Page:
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• Hospitalization of 1-7 days IRAQ
Prevention – Shake out boots/bedding/clothing prior to
Schistosomiasis – Wading, swimming in water
use; never walk barefoot; avoid sleeping on the ground;
contaminated with schistosoma parasites
use caution when entering abandoned buildings or
• Threat – Typically April through November
bunkers; seek medical attention if bitten/stung.
• Symptoms – Mild infections are generally
asymptomatic; febrile illness may occur with Hazardous Plants – Toxic plants can cause skin/lung
heavy infections. irritation if touched/burned and poisoning if
• Heavy acute infections may require over 7 days of chewed/eaten.
hospitalization. Prevention – Do not touch, chew, eat, or burn unfamiliar
Prevention – Do not swim/wade in unapproved water; plants; wash contaminated skin/clothing after contact.
wash skin and clothing after exposure to freshwater HIGH ELEVATIONS
Operations at 6,000 feet can impact unit and individual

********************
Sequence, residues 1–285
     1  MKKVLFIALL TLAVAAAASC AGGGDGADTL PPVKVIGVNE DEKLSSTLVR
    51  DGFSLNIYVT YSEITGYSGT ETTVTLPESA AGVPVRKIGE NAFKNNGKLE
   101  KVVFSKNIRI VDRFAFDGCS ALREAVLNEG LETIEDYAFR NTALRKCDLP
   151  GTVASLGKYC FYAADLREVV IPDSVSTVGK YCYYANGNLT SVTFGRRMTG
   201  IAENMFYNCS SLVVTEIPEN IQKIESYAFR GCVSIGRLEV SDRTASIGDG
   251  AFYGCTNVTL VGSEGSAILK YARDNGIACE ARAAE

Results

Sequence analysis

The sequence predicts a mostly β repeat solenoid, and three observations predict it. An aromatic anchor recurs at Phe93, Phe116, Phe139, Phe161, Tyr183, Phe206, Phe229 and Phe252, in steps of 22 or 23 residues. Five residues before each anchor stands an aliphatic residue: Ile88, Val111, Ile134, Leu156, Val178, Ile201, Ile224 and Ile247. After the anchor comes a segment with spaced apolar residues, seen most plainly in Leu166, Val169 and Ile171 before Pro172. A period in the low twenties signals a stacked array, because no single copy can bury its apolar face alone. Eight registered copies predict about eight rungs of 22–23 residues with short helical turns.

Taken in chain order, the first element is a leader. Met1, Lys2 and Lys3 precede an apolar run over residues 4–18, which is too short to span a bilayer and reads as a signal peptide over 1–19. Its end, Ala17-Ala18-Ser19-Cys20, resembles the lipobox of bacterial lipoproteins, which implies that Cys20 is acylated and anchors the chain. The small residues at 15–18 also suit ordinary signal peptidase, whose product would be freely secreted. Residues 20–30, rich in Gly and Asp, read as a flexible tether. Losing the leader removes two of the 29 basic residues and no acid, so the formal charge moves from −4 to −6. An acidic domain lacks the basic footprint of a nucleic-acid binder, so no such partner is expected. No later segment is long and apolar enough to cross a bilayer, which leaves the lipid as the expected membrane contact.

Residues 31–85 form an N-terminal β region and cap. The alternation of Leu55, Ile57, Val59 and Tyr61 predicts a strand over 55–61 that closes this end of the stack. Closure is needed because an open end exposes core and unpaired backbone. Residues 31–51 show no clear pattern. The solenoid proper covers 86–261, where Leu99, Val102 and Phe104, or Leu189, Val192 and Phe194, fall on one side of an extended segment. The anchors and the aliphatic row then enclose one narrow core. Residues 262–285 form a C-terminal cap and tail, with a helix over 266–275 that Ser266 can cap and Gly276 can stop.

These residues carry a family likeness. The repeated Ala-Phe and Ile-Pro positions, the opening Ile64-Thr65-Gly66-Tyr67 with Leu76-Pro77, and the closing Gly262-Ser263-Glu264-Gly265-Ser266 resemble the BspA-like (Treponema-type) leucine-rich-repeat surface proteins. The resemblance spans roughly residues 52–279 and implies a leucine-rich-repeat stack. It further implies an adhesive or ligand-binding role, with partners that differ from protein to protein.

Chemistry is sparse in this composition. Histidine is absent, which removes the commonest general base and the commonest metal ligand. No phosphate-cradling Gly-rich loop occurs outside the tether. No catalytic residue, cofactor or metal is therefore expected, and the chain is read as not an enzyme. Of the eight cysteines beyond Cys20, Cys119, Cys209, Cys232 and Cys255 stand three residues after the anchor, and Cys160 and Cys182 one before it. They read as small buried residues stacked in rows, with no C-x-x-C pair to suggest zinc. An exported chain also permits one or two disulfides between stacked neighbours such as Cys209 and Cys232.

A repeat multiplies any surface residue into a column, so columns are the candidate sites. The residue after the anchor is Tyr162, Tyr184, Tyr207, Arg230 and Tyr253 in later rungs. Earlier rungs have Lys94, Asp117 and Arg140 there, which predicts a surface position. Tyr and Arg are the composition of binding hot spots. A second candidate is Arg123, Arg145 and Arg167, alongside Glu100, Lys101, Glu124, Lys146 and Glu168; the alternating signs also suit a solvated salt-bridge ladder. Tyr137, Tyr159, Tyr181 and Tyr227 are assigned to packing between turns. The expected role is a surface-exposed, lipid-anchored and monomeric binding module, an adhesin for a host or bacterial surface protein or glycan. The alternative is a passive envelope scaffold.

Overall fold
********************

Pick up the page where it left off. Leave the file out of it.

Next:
Short-term health risks Signs of altitude sickness: headache, nausea, vomiting,
• Food contaminated with fecal pathogens dizziness, fatigue, irritability, coughing
• Water contaminated water with raw sewage
• Extreme heat, high altitude, airborne sand Acclimatization:
Long-term health risks • Staged Ascent – Ascend to moderate altitude
• Air contamination (5,000–8,000 feet) and remain there for 3 days
• Chemical contamination of food and water before ascending higher.
• Graded Ascent – Limit daily altitude to allow
partial acclimatization. Spend 2 nights at 9,000 This country-specific guide should be used in
Venomous Snakes – High incidence of snakebite injuries feet and limit to no more than 1,000 feet per day
above each night’s sleep.
conjunction with GTA 08-05-062, Guide to
in country; black snakes and vipers, well-camouflaged Staying Healthy, and is intended to provide
and aggressive, found country-wide. If bitten, seek Treatment – The preferred method to treat any high information that can help reduce your risk of
urgent medical attention! altitude illness is to evacuate the individual to a lower Disease and Non-battle Injuries (DNBI) when